In cases with IMTP, blood work results will show thrombocytopenia. This is confirmed by a blood smear in which low levels of platelets are seen. Typically, a combination of physical exam findings and blood work results will allow the veterinarian to diagnose Evans Syndrome.
Further diagnostics are required to diagnose an underlying inciting cause. This may include radiographs, ultrasound, advanced imaging, arthrocentesis, and others. In addition, as cancer can trigger an aberrant immune response, bone marrow analysis may also be recommended. However, as mentioned, the underlying cause is not always found.
Unpacking Immune-Mediated Hemolytic Anemia
As mentioned, IMHA is the destruction of red blood cells by the body’s own immune system. This results in anemia or a decreased red blood cell mass. Oxygenation to tissues around the body is thus compromised.
IMHA is the most common form of hemolytic anemia in dogs. Middle-aged dogs are more susceptible to IMHA than any other signalment. In dogs that have secondary IMHA, spayed females are more commonly affected.
Dogs with IMHA present with typical signs of anemia. This includes weakness/collapse, lethargy, depression, pale mucous membranes, bounding pulses, heart murmur, and tachycardia.
As large amounts of red blood cells are broken down, bilirubin is released into the bloodstream. This can overwhelm the liver and cause some patients to be icteric (yellow).
Diagnosis of IMHA relies heavily on blood work. Regenerative anemia, agglutination of red blood cells, and spherocytes are supportive of IMHA.
IMHA can have a variety of complications. This includes:
- Disseminated intravascular coagulation (DIC)
- Gastrointestinal ulceration
- Renal failure
- Refractory anemia
Roughly 60% of dogs with IMHA will also experience IMTP.
Discussing Immune-Mediated Thrombocytopenia
IMTP is not as common as IMHA, but the underlying principles are the same. IMTP is an auto-immune disease in which the body’s immune system attacks and destroys platelets. This results in a decreased ability to clot and can result in internal bleeding.
Clinical signs include petechial bleeding, ecchymoses, melena, haematuria, retinal hemorrhage, and epistaxis. A worsening of the signs occurs in patients with severe thrombocytopenia (< 10,000 platelets /uL).
IMTP is diagnosed by performing a platelet count. While a low in-house platelet count can suggest IMTP, sending a CBC for a manual count is best. A platelet count of less than 30,000/uL in addition to a low mean platelet volume is highly suggestive of IMTP.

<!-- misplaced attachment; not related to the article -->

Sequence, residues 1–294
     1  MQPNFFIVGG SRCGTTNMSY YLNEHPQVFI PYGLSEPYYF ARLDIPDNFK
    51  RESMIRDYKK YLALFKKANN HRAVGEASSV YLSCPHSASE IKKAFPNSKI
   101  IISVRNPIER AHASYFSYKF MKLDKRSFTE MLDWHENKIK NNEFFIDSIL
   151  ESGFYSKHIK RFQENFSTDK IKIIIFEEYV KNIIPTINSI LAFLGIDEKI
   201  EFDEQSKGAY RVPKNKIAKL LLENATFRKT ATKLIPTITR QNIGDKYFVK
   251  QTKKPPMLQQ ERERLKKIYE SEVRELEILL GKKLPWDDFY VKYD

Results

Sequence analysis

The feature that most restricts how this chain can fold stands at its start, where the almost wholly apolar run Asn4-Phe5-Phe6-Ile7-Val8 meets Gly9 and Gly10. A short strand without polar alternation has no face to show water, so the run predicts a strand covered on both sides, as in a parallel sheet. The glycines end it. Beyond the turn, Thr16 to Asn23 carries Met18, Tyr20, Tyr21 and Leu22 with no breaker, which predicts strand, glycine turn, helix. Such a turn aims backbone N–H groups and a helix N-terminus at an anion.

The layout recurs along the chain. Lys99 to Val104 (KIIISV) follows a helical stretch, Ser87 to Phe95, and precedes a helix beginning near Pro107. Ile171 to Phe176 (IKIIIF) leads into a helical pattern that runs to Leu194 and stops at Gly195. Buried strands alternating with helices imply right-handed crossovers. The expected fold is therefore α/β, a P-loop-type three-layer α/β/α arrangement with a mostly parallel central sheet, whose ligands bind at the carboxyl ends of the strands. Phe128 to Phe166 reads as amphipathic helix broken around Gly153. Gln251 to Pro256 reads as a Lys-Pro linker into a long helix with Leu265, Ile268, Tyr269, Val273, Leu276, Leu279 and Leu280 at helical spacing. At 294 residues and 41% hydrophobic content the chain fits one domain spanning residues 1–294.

A severe complication of IMTP is disseminated intravascular coagulation (DIC). DIC can lead to systemic inflammatory response syndrome (SIRS) and multi-organ dysfunction/failure (MODs). Therefore, it is vital to check for coagulation times, and patients should be monitored for signs of excessive bleeding.
Available Treatments in Combating Evans Syndrome
Treatment includes supportive care to stabilize the patient. This is prior to further treatment for Evans syndrome. Supportive care can include:
- Oxygen supplementation.
- Fluid therapy to maintain tissue perfusion, renal perfusion, and manage bilirubin levels.
- Transfusion of packed red blood cells, fresh frozen plasma, whole blood, or platelet-rich plasma.
Care should be taken when transfusing patients as it may worsen the IMHA. Patients should not be transfused unless they have a packed cell volume (PCV) less than 20-22%. Patients with a PCV higher than 22% are at an increased risk of thromboembolism.
Transfusion of platelet-rich plasma or whole blood for IMTP is not common. This is because platelets are incredibly fragile, and if transfused, the patient’s immune system will often destroy them.
Plasma exchange, or plasmapheresis, is a newer therapy available to treat severe cases of immune-mediated disease. Therapeutic plasma exchange involves exchanging the plasma component of the patient’s blood with that of a healthy plasma donor.